Montgomery: Let’s talk about parenting …

Well, hey there, everyone. It’s nice to be back.

It’s been a while since I last appeared in the pages of this newspaper.

I’m guessing most readers don’t remember me. Those that do probably think of me as the old “Biz Buzz” guy.

About 19 months ago, I bid farewell to the Telegraph Herald and started working as a writer at McCullough Creative, a marketing agency here in Dubuque. I’m still employed there, but when I had the chance to do a column in the TH, I couldn’t pass it up.

It’s an excitement that stems not only from where I’ll be writing it, but also what I’ll be writing about …

A column about being a Dad.

There’s a certain irony — and a lovely symmetry — about the existence of this column.

Two years ago, a desire to commit more time to parenthood was a big part of what inspired my departure from the TH. Now, parenthood is what brought me back.

Before we embark on this adventure, let’s establish a few ground rules:

First and foremost, this is not an advice column. If you want parenting advice, ask my wife. That’s what I do.

  • Hopefully, this will be funny. My two kids — Elizabeth, 4, and Christopher, 2 — make me laugh harder than any adult ever could. I’m not entirely sure my words can do justice to their hilarity, but I’ll try.
  • Lastly, I will always attempt to be honest. This space will never be used to convince the reader I am a great Dad. It’ll be a place to discuss what being a Dad is actually like.

So let’s get after it …

If I had to sum up my first four-plus years of parenting in a single sentence, it’d be this: A slow transition from terror to comfort.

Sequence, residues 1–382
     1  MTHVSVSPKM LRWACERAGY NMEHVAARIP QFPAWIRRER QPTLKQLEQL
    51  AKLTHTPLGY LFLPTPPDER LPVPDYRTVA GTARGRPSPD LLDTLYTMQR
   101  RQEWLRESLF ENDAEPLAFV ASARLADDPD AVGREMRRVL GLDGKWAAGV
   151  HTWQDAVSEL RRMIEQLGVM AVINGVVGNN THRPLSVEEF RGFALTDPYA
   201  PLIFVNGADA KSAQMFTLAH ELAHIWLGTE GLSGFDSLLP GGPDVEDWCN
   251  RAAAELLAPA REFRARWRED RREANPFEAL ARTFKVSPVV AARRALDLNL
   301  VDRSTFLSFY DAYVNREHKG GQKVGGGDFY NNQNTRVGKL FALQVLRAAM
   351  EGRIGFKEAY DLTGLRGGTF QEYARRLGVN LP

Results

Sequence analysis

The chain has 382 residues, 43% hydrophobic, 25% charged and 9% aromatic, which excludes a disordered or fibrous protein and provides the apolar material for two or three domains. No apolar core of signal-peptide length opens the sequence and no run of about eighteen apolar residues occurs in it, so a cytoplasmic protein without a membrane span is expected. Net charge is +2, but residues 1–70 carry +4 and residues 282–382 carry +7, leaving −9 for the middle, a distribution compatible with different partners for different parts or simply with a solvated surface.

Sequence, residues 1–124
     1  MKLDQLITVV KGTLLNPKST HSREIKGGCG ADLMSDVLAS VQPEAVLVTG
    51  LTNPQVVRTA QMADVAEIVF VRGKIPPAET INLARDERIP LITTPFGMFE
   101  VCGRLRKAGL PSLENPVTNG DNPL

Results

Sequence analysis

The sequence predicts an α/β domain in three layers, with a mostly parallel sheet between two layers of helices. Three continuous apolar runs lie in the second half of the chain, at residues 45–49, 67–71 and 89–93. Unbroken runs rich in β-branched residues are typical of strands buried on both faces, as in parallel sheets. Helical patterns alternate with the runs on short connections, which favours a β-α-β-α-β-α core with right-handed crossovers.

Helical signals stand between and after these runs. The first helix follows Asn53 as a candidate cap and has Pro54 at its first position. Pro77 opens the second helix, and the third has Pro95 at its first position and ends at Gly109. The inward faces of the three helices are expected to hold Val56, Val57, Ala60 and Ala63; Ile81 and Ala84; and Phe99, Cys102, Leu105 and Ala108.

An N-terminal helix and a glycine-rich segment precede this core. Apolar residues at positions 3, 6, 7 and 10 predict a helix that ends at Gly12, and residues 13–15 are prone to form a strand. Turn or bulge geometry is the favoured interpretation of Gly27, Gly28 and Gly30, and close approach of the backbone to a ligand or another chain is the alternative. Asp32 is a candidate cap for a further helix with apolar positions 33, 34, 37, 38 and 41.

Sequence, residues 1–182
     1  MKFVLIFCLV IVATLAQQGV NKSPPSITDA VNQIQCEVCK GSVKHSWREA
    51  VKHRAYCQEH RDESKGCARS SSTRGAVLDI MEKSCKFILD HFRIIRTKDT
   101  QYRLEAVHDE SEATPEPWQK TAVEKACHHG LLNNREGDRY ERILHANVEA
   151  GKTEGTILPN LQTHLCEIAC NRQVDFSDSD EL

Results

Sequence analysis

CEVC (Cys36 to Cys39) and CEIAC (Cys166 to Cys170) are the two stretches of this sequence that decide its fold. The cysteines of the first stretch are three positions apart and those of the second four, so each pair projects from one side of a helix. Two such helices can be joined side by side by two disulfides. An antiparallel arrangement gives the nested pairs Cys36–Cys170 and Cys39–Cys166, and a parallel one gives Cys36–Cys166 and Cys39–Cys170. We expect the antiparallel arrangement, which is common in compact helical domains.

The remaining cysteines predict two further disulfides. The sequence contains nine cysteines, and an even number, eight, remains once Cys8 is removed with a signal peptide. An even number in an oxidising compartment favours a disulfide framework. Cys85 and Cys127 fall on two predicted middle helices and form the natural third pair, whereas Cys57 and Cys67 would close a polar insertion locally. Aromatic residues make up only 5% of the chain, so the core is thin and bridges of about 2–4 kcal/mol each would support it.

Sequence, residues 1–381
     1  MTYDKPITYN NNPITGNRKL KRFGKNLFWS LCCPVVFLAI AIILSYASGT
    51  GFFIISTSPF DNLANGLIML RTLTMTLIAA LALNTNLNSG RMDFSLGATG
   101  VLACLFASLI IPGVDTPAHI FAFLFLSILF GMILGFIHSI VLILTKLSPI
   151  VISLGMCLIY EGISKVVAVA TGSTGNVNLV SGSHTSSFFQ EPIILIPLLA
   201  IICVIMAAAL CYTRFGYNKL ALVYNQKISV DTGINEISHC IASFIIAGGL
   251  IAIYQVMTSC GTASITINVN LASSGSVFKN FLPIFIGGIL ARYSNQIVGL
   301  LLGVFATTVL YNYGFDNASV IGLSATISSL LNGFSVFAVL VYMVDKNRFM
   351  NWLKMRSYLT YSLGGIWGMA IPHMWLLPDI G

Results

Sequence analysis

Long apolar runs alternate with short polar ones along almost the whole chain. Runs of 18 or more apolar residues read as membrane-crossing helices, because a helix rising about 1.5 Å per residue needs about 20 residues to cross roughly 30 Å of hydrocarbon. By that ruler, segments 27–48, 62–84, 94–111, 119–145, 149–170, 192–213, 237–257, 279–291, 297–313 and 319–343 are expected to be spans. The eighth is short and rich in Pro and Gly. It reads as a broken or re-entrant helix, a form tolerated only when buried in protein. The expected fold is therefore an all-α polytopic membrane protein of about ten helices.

Terror, you ask? Um, yeah. Prior to having my own kids, I had spent very little time around children, especially young ones. I had no idea what I was doing.

There are a couple stories that encapsulate that feeling.

I distinctly remember a moment, about six months into my wife’s first pregnancy, when one of her close friends, a school nurse, gave me a lesson about how to save a choking infant. I watched the video tutorial closely and aggressively slapped the back of the baby doll in hopes of removing the hypothetical obstruction … Patted the back a little too hard, it turns out.

You killed it, my wife’s friend deadpanned as she looked at the doll and I.

The fear grew. And it didn’t stop once the actual child arrived.

The first night I was alone with my first-born (a terrifying proposition at the time) she happened to come down with a stomach bug. She awoke a mere 30 minutes after Mom had left, bawling at rock-concert volume. I dutifully picked her up to comfort her. Within 20 seconds she turned toward me, releasing a heinous stream of projectile vomit.

It was like that scene out of the “The Exorcist,” only scarier.

I don’t bring this up to gross anyone out. But it is a glimpse into what it’s like being a new dad.

My daughter didn’t actually fall ill because her mom left. But it sure felt like she did.

Back then, parenting was terrifying. It still kind of is. I think it always will be.

How does ones confront their most important job in life without a lingering fear about messing it up?

Over time, though, I have noticed a gradual, yet significant shift in my mindset — and my blood pressure — in the moments I am around them.

What once induced horror now feels like a haven.

The moments I am with my kids are the best ones in my life. In their presence, the callousness and complexities of the real world melt away and a new one comes forth.

My children know nothing of work stresses or social norms. They demand only an authentic and engaged version of myself. And in my hardest moments, that offers the most beautiful reprieve:

Be here and be real.

I can do that.

That’ll be my goal in this column. I’ll be here once a month. And I’ll attempt to be real every step of the way.

If any topic deserves authenticity, this is the one.